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Visualization technology can be used to graphically illustrate various concepts in computer science. We argue that such technology, no matter how well it is designed, is of little educational value unless it engages learners in an active learning activity. Drawing on a review of experimental studies of visualization effectiveness, we motivate this position(More)
We present JAWAA 2.0, a scripting language for creating animations easily over the web. JAWAA includes primitives, easy creation of data structures and operations on these structures, and an editor for easy creation of complex objects. We show how to use JAWAA in a range of computer science courses including CS 0, CS 1, CS 2 and advanced courses.(More)
This paper describes the integration of the Alice 3D virtual worlds environment into a diverse set of subjects in middle school, including the development of tutorials, example worlds and lesson plans. In the summer of 2008 our experiences with middle school teachers included three-weeks of training in Alice and guidance in the development of lesson plans.(More)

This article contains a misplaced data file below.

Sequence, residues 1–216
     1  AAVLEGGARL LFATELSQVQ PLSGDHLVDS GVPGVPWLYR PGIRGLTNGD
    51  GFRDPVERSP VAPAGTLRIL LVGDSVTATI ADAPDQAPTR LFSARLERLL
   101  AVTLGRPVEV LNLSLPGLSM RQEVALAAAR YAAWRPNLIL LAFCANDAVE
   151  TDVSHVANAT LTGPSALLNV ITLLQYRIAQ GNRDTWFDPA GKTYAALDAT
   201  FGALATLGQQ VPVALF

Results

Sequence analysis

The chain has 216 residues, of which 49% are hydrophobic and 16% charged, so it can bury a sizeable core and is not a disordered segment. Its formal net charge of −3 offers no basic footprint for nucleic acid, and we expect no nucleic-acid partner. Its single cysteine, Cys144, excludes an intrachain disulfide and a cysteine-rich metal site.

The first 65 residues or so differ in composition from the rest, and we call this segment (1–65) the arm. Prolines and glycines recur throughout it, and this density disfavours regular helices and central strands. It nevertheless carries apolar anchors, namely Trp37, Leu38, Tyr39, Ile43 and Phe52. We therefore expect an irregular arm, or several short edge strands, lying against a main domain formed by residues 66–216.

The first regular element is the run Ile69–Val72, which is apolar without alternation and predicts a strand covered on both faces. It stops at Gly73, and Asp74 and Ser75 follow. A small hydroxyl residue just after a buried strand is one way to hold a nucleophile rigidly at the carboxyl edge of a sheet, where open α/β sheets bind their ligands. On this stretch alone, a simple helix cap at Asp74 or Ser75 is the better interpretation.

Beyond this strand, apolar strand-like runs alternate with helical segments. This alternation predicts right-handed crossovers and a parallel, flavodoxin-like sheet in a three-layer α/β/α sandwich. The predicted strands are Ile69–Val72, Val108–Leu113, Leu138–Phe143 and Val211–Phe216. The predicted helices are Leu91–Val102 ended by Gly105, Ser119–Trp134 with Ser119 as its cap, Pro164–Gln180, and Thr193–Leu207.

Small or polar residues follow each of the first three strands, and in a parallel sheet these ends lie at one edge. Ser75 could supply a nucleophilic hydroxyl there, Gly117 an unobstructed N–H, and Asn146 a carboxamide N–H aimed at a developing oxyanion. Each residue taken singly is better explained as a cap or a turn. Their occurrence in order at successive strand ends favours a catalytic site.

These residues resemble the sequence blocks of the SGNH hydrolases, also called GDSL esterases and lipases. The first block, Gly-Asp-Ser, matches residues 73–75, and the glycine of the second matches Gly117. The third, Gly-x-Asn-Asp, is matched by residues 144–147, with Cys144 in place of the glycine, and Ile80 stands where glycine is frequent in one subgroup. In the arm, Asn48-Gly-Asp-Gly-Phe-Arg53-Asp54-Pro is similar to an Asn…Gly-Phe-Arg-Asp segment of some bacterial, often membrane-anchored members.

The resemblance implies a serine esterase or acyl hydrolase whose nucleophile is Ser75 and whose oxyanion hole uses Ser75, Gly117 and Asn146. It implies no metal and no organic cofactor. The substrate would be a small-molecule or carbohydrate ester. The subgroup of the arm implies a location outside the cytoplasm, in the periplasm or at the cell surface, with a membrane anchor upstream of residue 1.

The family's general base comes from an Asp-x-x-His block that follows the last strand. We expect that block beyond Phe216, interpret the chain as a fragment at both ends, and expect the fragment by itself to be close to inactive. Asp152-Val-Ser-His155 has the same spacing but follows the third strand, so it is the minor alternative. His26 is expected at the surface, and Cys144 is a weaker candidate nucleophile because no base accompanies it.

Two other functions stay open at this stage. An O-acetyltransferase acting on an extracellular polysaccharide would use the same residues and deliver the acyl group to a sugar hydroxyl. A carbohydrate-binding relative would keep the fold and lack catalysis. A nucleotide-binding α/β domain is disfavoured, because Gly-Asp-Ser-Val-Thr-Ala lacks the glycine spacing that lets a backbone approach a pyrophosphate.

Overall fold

We describe the results from a two-year study with fourteen universities on presenting formal languages in a more visual, interactive and applied manner using JFLAP. In our results the majority of students felt that having access to JFLAP made learning course concepts easier, made them feel more engaged in the course and made the course more enjoyable. We(More)
This paper describes the implementation and evaluation of a program that uses <i>active recruiting</i> and <i>peer-led team learning</i> to try to increase the participation and success of women and minority students in undergraduate computer science. These strategies were applied at eight universities starting in the fall of 2004. There have been some(More)
We describe the instructional software JFLAP 4.0 and how it can be used to provide a hands-on formal languages and automata theory course. JFLAP 4.0 doubles the number of chapters worth of material from JFLAP 3.1, now covering topics from eleven of thirteen chapters for a semester course. JFLAP 4.0 has easier interactive approaches to previous topics and(More)
After a 5year process, the Advanced Placement Computer Science (APCS) course and examinations have transi-tioned from Pascal to C++ beginning with the 199899 academic year. This lengthy process involved forming an APCS ad hoc committee comprised of high school teachers, university faculty and SIGCSE representatives. This committee convened in 1995-96 and(More)